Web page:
Food trucks were allowed for the event but there were none on the day of the art show per conversation with the venue. No event permit was filed with the city of Denver for the event despite it being required according to a YS conversation with the Denver Zoning Department.
Artists Melody Gambino, Sam Lyles, Leonel Vasquez and others helped spearhead a movement to take action. Feeling frustrated with the lack of communication, lack of promotion, and lack of responsibility, these artists decided to do something. When reaching out to WePlusYou and ArtFusionDenver netted only blank responses, they organized a fundraiser for those affected and collected screenshots of communication with the event organizer.
Scam, or just a failed event?
YS reached out to several artists from the WePlusYou Miami event to see what their experiences were like. Most artists we spoke to wished to remain anonymous and claimed it was closer to a failed event than an outright scam. This may partially be due to the event’s location, at the Dirty Rabbit, which did in fact generate some foot traffic.
WePlusYou provided YS with an email statement in which they refute the allegations. They state in part that “We acknowledge that the turnout for the event was lower than anticipated. As a gesture of goodwill, we offered all participating artists an alternative date free of charge, along with the exemption of any vending fees. Our aim has always been to support artists and create opportunities for them to sell their artwork.”
Multiple artists who reached out to the event organizer report being blocked on Instagram when refunds were discussed. On some occasions refunds or spots in upcoming shows were offered, but then all communication was ceased and blocked. No refunds from ArtFusionDenver have materialized per people YS spoke with.
As of publishing, ArtFusionDenver is still using images of the artists as promotional material for their social media campaigns. The very same reason some Denver area artists felt they were able to trust ArtFusionDenver — images of local artists at shows — is still being used to lure in other unsuspecting people. Lyles stated that “ I obviously did not give them permission,” despite her image being used.
There is a line between a scam and a failed event. Other art shows do not block artists online or stop responding to texts or emails asking for answers. Failed events happen. Following an unsuccessful art show, a legitimate company would offer and follow up on apologies, refunds as necessary, or maintain communication at a bare minimum.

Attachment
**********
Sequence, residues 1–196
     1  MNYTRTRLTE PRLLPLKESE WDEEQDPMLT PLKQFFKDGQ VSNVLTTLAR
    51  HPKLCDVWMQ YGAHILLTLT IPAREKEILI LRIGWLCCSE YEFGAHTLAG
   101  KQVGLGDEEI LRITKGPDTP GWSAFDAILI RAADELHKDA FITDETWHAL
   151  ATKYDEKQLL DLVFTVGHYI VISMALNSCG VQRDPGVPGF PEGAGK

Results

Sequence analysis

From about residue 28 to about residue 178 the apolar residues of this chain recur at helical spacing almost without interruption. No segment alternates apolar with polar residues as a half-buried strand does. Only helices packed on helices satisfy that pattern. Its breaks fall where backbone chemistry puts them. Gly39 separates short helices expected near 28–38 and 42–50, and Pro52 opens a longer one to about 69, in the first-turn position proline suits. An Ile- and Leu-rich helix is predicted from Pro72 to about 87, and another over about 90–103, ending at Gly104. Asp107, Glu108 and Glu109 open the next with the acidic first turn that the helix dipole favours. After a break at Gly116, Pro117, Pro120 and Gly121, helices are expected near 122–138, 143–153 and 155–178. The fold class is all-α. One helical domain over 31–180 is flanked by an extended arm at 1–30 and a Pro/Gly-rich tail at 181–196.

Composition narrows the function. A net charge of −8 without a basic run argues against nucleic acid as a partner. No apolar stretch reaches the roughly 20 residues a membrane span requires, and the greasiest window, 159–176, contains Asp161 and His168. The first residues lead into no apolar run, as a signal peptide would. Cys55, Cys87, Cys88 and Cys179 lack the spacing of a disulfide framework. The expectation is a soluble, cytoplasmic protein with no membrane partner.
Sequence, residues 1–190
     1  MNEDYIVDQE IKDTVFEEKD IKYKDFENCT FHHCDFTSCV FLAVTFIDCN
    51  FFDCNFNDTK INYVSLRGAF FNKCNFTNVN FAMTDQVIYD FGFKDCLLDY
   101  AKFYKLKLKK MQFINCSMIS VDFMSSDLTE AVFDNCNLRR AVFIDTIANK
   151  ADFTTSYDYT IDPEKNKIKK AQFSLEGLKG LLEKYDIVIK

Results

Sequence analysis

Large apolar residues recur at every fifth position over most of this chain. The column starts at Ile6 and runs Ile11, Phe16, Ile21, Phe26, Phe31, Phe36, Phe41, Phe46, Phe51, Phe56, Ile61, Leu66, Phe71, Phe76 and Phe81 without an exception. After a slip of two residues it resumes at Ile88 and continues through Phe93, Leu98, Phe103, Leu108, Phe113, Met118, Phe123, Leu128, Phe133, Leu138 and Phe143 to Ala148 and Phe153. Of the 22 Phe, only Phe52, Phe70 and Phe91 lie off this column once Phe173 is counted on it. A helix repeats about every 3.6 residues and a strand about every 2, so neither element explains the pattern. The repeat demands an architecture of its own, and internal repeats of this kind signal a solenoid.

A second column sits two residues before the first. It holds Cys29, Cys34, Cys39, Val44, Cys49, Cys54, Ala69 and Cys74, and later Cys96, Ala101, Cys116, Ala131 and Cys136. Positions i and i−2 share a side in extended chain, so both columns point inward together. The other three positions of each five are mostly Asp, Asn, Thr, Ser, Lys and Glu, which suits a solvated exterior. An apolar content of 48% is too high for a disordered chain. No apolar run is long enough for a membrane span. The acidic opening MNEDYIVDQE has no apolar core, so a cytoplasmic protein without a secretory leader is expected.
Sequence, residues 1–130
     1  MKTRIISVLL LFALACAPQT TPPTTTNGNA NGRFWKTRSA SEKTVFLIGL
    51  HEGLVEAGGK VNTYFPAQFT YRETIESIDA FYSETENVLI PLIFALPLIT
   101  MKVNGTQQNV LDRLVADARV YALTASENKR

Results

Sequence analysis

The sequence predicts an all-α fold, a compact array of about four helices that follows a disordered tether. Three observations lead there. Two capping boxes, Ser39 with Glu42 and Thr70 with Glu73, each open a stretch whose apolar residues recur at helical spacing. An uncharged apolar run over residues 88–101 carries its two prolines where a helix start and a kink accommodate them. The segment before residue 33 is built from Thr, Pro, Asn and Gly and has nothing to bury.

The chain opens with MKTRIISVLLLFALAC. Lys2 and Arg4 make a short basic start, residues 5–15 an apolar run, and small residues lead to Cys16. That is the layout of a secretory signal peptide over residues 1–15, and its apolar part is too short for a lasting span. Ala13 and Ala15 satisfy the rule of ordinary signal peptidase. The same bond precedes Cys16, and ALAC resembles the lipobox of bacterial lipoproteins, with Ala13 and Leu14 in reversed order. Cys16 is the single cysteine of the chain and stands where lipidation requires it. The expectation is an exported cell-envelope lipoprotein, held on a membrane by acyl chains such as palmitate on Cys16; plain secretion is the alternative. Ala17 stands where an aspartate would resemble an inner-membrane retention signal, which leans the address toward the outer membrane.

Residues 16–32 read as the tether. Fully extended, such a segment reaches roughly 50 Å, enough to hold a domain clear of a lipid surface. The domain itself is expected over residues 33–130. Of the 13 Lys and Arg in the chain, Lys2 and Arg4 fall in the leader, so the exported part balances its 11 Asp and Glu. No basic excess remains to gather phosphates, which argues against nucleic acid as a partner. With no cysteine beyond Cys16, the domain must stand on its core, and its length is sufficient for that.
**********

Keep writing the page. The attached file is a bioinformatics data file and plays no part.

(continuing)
Any artists wishing to avoid losing money in these types of scams may want to look into insurance offered by credit card companies. At least one artist YS spoke with was able to reverse the charge after speaking with her customer service representative. VenMo and debit card users have less options to recover money in the event of a scam.
Specific promises made about the ArtFusion event simply never materialized. These include
- Immersive event with sculptures and installations
- DJ secured for the event when he was actually hired night before
- 200 – 500 people in attendance when almost no one showed up
- Advertising when almost nothing was done outside Instagram
- Promised refund information but blocked participating artists
- Organizers claimed the event was non-profit – but no evidence of donations are present
Additional evidence points to a general lack of planning and organization on ArtFusionDenver’s part.
- No one from ArtFusionDenver or WePlusYou attended the event
- Last minute delay shifting the start time
- No staff familiar with the event
- No check in for vendors
- No food trucks or vendors just vending machine snacks
Tips for avoiding scams, how to help
Unfortunately local arts communities across the nation are dealing with scams of all sorts, many originating from messages on Instagram promising up-and-comers a chance to showcase their work. Social media is a main way to gain clients, demonstrate success, and make connections in today’s world. It is more important than ever to be diligent and spot red flags and maintain a healthy skepticism.
- Talk to artists that were in previous events
- Get full contact info and name
- Pay with a credit card that has fraud insurance
- Check with City that event has a permit
- Search the venue address and look at Street View
- Check out this Instagram Post with great tips
As of now, there is buzz of an event being held again in Denver in August. The same group is also hosting a Las Vegas event in the coming months according to screenshots of communication between artists and WePlusYou. This was confirmed via Instagram messages between an anonymous Colorado artists and the ArtFusionDenver instagram account. This also shows the ArtFusion Instagram account is still active and recruiting for future events, but not engaging with artists dissatisfied with previous events.
You can donate to the fundraiser here if you wish to help the artist that have lost out on money
If you have been affected by this or an event of a similar nature please reach out to firstname.lastname@example.org